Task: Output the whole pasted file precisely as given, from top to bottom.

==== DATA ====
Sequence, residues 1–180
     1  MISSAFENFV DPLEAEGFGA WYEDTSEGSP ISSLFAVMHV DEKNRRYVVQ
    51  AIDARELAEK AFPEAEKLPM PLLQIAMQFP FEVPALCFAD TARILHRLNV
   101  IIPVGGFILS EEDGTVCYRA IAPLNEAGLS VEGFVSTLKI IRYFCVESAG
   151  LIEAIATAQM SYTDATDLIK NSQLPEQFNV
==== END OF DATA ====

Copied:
Sequence, residues 1–180
     1  MISSAFENFV DPLEAEGFGA WYEDTSEGSP ISSLFAVMHV DEKNRRYVVQ
    51  AIDARELAEK AFPEAEKLPM PLLQIAMQFP FEVPALCFAD TARILHRLNV
   101  IIPVGGFILS EEDGTVCYRA IAPLNEAGLS VEGFVSTLKI IRYFCVESAG
   151  LIEAIATAQM SYTDATDLIK NSQLPEQFNV